Swedish clogs became popular fashion accessories in the 1970s and 1980s for both sexes. They were usually worn without socks and were considered suitable attire for the avant-garde man.

Platform clogs in 1980s and 1990s fashion

Based on the clog model, platform clogs or sandals, often raised as high as 6 or even 8 inches right through between sole and insole, were another fashion of the 1980s and 90s in many western countries for women. This large mid layer was often made of solid cork, although some were merely of plastic with a cork covering. The sole, more often than not, was made of a light sandy-colored rubber. Some of the platforms of these clogs were encompassed about with a string-laced effect.


See also


  1. ^ Traditional English Clogs Retrieved on 28 October 2oo8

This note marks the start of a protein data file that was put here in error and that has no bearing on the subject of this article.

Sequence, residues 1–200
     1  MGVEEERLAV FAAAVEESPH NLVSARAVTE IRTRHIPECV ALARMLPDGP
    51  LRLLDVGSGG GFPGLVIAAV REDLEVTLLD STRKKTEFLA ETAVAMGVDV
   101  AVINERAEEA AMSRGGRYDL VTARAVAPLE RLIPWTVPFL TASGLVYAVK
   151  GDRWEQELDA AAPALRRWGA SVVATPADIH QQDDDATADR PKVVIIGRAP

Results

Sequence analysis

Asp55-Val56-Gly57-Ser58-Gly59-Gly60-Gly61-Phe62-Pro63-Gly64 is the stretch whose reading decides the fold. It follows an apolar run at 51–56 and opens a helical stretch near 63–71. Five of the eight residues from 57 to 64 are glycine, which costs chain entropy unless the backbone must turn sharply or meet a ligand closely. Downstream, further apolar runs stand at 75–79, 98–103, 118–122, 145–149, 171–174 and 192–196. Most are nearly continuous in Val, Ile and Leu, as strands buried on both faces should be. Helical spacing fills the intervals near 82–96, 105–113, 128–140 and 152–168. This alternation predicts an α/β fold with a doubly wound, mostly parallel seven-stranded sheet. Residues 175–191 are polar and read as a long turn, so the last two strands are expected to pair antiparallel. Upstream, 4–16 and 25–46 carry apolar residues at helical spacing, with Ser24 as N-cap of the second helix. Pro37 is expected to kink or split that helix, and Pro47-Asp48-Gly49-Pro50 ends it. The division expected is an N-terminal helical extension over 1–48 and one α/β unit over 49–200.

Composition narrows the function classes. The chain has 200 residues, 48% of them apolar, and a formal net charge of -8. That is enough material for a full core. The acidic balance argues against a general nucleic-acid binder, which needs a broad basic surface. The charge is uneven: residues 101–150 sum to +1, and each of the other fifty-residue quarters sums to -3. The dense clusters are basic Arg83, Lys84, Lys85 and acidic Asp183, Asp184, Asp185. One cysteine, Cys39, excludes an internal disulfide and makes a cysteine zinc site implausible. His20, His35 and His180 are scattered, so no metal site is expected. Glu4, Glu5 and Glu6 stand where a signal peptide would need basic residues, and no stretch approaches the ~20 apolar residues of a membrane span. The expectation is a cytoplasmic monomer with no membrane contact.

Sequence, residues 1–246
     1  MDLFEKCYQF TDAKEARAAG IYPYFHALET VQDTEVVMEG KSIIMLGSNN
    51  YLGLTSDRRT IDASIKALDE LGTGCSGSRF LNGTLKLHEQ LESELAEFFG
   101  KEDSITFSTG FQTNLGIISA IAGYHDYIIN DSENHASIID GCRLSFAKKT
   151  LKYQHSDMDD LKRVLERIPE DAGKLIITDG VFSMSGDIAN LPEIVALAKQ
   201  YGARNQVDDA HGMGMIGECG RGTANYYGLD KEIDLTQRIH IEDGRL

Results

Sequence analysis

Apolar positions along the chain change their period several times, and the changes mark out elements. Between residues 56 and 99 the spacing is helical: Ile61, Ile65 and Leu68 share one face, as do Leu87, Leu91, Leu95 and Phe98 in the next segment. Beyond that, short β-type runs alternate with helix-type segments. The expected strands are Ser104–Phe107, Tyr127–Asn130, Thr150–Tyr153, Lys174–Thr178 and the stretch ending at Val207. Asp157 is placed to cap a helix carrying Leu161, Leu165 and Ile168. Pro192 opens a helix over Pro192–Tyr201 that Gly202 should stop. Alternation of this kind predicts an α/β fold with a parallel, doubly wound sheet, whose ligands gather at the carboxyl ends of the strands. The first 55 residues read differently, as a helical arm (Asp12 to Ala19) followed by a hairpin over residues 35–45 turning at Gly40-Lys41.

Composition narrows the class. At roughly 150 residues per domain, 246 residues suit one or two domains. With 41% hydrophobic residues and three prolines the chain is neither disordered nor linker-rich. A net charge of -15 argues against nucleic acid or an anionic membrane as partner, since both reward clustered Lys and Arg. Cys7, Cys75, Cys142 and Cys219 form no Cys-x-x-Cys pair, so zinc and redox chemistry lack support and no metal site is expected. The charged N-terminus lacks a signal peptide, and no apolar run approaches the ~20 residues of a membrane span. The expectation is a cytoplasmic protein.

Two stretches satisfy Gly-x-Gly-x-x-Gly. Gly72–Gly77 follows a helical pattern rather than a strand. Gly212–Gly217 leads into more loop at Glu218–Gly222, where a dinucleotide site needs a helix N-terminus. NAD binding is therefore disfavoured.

2. ^ A brief history of English clogs Retrieved on 28 October 2008
  3. ^ The I.W.W.: Its First Seventy Years, 1905-1975, Fred W. Thompson and Patrick Murfin, 1976, page 81.
  4. ^ Brady, C. (2007-11-12). "Up and Down Fighting". English Clogging. Retrieved 2008-10-28.  


  • Shoes and Pattens: Finds from Medieval Excavations in London ISBN 0-85115-838-2
  • Stepping through Time, Archeological Footwear from Prehistoric Times until 1800, ISBN 90-801044-6-9

External links

Got something to say? Make a comment.
Your name
Your email address